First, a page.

It seems like many enterprises are putting more resources behind information security, but in my organization,...
business leaders have often "turned a deaf ear" to security. I want to make sure this doesn't continue to be the case by providing information security leadership. What can a CISO do to assert the importance of information security leadership in a culture that doesn't inherently value it?
Success in building a lasting information security program can be achieved only through influencing organizational culture. It is no different from a company hiring a new CEO to turn around an unprofitable company. It requires strong leadership and the ability to sell the importance of information security to the organization. Even with all of these security leadership traits, a new CISO may still fail to change the culture, just as a new CEO may fail to turn around the company. Successful cultural change requires several other factors to be in place that may be outside of the CISO's control.
The primary indicator of cultural change readiness will likely be in the support given to the information security program from other executive leaders. Many CISOs have turned down potential career opportunities after interviewing with executives and seeing the signs of organizational inflexibility. Some organizations are only begrudgingly adopting information security in reaction to the increase in breaches and for regulatory compliance. The CISO may not be granted the authority to effect any changes, because of limited staffing, resources or reporting relationships in these situations. It may be time to move on to the next career opportunity rather than just be a checkbox on an audit report.
However, if the CISO can find even a few allies at the executive level who are willing to listen, there is a good chance that organizational culture change will be successful. It is critical for the CISO to build relationships with all of the executives and to give them a voice into how the information security program develops. An IT security governance committee is a great way to start getting them involved and building political capital to support the program. The culture will start to shift as the CISO builds executive awareness and it spreads down through the rest of the company.
An alternative technique for changing organizational culture is a bottom-up approach. This method involves building strong relationships with the IT staff in order to generate a groundswell of support for the information security program. Developers may be interested in how they can build more secure code, and system administrators may be interested in how attackers view their infrastructure. CISOs have to possess strong interpersonal skills when playing this role of security evangelist. They must listen to the IT staff and be supportive, not critical. The bottom-up approach is more difficult, but can yield the cultural changes necessary to build an effective information security program.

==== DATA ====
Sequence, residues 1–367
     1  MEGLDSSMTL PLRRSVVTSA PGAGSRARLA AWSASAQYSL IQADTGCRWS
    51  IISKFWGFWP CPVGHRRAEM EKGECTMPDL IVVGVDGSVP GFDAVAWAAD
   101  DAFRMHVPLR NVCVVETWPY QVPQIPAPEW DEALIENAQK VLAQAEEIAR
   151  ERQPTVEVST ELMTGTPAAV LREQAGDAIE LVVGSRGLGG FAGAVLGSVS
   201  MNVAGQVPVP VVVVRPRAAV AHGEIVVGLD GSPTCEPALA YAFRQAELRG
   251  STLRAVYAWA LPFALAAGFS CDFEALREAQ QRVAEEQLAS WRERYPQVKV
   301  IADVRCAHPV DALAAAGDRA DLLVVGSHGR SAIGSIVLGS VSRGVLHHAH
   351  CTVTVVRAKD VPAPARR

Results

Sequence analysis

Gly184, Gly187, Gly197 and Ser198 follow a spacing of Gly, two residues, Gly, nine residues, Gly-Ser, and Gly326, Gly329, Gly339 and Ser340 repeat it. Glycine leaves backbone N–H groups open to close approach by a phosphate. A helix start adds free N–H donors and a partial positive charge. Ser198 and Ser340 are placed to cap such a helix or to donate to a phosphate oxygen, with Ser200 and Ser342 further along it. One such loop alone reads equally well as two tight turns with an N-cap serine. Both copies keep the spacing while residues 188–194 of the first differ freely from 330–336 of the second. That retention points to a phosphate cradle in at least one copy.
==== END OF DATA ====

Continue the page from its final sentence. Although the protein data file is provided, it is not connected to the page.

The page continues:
The most important factor for any CISO building an information security program is the ability to change the organizational culture. The main indicators of an organization's readiness for cultural change will be the existence or lack of executive support. A CISO who is a strong leader will be able to accomplish only so much without this type of support. The bottom-up approach is an alternative method of building support for an information security program, but can be more difficult to accomplish. There are some organizations that are still just paying lip service to building an information security program, and a CISO may not be able to succeed in these circumstances. In the end, a good CISO will have to make a hard judgment call of whether to move on to another organization or risk becoming the scapegoat when a security breach does occur.
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Joe Granneman explains the importance of an IT security governance body.
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